Extent and limitation of the control of nuclear apoptosis by DNA-fragmenting factor

Biochem Biophys Res Commun. 1999 Jan 27;254(3):552-8. doi: 10.1006/bbrc.1998.9982.


During apoptosis, changes to the nucleus of the dying cell include DNA degradation and structural collapse. These changes are accomplished by caspase-mediated cleavage of DNA-fragmenting factor DFF45, an inhibitor of the effector molecule DFF40. DFF45 and, more efficiently, a mutant lacking one caspase-cleavage site (DFF45m) inhibited nuclear changes in a cell-free system when apoptosis was initiated by adding caspase-3 to cell extracts. In primary tissues from several mammalian species, human caspase-3 activated and human DFF45m blocked nuclear apoptosis demonstrating evolutionary conservation of this step. However, DFF45m did not significantly inhibit DNA-fragmenting activity in extracts from staurosporine-treated cells from the human cell line Jurkat. In extracts from normal Jurkat cells, DFF45m blocked caspase-triggered DNA cleavage efficiently only if added within a short time of the addition of the caspase. At later time points, this inhibition by DFF45m was strongly reduced in efficiency while Zn2+ still completely blocked DNA fragmentation. These results demonstrate the evolutionary conservation of a linear pathway in apoptosis and suggest the existence of more complex events as final effector machinery.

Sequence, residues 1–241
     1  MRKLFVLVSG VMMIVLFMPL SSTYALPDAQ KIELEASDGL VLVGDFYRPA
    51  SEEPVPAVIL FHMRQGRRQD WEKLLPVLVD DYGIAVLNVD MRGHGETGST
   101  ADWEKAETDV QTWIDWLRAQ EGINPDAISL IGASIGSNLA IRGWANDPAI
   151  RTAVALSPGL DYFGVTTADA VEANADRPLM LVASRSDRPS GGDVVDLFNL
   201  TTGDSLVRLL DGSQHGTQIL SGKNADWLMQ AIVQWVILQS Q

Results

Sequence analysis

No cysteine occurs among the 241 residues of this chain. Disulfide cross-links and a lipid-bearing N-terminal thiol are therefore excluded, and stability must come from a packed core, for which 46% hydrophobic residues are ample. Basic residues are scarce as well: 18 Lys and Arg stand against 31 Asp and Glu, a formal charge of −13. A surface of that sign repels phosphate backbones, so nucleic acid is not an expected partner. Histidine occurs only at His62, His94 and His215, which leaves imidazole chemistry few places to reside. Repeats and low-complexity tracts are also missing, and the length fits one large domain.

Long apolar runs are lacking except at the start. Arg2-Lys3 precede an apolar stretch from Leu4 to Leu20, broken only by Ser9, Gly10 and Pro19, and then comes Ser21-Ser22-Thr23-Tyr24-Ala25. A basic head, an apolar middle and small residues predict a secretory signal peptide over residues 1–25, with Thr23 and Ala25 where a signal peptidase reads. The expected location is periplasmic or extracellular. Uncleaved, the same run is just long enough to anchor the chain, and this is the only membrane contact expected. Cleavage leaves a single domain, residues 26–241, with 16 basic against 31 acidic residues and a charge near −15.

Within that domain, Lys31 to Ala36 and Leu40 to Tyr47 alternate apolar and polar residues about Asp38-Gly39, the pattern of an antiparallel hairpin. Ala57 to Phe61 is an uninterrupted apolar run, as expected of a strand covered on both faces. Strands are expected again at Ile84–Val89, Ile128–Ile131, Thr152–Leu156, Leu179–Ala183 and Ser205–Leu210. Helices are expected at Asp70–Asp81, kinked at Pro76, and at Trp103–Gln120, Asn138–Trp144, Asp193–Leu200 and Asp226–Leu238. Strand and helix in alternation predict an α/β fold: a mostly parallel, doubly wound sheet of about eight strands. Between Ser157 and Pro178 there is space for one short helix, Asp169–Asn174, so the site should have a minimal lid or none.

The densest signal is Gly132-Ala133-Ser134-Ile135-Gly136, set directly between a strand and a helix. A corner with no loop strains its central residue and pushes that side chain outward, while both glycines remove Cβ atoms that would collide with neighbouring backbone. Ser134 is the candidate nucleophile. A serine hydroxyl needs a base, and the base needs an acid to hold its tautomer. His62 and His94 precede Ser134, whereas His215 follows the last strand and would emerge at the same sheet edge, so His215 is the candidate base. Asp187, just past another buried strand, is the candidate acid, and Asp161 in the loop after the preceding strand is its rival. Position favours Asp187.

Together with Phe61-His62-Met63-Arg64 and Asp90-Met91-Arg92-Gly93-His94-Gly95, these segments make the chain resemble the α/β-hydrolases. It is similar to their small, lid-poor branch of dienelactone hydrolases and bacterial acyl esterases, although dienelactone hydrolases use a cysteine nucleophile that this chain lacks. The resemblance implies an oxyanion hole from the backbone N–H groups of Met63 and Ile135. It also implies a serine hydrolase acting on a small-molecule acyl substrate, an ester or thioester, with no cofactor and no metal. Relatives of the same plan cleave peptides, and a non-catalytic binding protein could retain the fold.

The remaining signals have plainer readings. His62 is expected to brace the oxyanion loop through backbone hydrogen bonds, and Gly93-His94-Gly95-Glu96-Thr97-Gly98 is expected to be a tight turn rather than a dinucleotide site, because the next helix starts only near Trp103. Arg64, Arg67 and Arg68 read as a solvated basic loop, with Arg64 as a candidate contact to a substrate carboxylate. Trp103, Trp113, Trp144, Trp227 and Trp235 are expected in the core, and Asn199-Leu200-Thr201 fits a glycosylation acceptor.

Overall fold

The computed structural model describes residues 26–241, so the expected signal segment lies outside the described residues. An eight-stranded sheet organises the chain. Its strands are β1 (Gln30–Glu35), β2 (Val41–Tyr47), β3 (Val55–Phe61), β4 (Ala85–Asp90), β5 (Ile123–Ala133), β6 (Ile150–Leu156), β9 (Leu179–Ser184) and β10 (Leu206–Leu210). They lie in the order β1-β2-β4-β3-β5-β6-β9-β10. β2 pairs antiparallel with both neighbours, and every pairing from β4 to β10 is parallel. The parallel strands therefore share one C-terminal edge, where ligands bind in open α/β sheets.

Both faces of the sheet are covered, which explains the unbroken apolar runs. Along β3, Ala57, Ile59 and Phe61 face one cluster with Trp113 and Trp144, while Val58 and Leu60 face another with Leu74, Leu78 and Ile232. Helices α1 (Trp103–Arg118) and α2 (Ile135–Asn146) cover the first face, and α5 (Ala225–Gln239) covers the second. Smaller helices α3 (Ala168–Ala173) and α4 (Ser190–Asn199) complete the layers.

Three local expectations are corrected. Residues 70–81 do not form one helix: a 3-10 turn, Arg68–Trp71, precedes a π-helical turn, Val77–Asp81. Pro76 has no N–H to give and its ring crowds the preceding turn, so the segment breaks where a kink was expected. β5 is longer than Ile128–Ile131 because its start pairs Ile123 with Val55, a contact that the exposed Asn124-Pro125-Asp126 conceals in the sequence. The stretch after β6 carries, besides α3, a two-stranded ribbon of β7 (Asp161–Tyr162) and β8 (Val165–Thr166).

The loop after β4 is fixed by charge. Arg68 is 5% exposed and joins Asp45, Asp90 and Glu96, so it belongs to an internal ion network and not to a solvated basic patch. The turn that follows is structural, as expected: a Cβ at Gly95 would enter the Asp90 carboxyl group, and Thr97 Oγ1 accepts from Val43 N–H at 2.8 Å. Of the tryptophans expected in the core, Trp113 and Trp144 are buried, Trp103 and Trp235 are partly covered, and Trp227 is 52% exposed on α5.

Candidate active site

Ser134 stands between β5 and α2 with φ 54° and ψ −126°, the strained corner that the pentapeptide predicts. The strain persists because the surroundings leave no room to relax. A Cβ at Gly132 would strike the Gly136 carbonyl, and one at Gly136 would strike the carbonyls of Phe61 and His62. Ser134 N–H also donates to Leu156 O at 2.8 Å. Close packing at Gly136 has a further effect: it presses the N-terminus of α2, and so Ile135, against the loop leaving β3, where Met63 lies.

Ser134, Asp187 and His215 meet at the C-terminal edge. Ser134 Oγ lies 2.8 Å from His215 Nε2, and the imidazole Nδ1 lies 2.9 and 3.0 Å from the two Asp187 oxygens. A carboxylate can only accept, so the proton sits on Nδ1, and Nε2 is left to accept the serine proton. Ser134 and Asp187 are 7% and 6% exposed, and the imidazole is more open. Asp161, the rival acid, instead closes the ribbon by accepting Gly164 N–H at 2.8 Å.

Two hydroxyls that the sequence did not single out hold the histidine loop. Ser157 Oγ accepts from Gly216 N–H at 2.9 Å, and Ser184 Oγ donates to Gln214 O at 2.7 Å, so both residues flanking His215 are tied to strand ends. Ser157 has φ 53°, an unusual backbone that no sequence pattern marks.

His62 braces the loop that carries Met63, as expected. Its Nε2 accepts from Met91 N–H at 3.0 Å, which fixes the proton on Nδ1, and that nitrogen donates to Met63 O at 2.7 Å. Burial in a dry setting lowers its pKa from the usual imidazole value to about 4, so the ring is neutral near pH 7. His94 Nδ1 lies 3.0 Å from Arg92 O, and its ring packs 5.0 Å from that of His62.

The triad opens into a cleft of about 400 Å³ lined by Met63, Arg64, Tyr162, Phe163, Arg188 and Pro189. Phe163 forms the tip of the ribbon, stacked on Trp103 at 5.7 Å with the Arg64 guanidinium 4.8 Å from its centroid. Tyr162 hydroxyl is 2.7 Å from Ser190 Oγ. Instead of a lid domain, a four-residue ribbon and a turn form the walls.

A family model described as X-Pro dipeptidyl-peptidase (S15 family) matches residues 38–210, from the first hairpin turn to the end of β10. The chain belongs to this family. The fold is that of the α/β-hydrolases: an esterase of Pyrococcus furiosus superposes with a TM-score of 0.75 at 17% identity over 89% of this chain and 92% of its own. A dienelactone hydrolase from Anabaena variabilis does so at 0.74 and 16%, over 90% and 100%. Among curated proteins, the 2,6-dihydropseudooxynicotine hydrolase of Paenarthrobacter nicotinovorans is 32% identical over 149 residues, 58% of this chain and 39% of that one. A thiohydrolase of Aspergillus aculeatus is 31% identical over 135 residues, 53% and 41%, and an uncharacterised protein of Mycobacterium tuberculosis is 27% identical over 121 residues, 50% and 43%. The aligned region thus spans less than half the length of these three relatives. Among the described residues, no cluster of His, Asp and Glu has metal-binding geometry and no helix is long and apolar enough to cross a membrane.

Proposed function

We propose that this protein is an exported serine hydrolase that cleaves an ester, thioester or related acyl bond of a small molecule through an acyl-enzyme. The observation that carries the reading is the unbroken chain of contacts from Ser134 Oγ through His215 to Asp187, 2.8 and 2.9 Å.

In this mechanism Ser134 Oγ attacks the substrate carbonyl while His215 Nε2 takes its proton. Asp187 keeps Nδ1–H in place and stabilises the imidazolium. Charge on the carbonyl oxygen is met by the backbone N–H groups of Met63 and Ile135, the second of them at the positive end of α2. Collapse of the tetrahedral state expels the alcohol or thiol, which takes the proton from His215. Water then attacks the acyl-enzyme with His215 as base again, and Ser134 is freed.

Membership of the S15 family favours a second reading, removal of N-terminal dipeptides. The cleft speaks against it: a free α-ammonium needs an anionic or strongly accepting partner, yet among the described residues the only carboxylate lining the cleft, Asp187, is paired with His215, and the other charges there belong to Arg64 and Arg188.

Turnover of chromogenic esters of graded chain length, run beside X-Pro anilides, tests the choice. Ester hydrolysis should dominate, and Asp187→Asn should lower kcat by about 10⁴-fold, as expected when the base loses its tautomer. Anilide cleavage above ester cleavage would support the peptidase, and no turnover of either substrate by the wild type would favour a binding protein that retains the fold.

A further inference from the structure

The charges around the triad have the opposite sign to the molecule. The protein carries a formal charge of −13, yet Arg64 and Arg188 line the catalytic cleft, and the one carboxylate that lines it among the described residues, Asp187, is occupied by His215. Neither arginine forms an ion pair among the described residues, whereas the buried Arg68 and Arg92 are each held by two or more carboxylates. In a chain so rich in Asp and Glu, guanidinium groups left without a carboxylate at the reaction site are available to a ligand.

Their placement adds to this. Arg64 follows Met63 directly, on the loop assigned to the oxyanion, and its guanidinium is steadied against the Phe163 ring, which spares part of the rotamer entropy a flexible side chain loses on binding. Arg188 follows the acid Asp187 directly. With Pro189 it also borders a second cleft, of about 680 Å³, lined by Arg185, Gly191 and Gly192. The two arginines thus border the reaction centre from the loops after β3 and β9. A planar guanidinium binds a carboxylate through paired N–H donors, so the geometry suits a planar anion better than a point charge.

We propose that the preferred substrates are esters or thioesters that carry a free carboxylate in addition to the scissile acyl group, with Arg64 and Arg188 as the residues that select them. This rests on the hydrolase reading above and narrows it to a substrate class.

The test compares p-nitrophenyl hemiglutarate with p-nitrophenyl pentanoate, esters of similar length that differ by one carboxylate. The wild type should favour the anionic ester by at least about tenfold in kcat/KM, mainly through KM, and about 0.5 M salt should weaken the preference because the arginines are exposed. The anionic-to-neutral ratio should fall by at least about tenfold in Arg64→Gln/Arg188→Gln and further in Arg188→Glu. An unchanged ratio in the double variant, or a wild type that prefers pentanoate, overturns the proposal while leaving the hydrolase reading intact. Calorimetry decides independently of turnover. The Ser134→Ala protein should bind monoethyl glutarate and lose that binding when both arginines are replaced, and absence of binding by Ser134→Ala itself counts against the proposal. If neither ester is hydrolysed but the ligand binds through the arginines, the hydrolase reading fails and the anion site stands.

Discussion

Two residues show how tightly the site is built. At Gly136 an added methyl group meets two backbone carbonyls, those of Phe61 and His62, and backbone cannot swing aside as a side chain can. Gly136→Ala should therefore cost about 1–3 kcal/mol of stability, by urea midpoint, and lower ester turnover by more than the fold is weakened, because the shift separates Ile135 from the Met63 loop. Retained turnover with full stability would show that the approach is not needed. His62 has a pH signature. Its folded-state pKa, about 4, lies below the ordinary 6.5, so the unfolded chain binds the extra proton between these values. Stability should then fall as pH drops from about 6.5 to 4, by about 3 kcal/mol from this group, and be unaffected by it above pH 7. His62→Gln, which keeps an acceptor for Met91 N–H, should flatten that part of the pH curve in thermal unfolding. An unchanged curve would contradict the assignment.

Publication types

  • Research Support, Non-U.S. Gov't

MeSH terms

  • Animals
  • Apoptosis*
  • Caspase 3
  • Caspases / metabolism
  • Cell Nucleus / metabolism*
  • DNA / metabolism
  • Enzyme Activation
  • Humans
  • Hydrolysis
  • Proteins / metabolism*
  • Tumor Cells, Cultured


  • Proteins
  • caspase-activated DNase inhibitor
  • DNA
  • CASP3 protein, human
  • Caspase 3
  • Caspases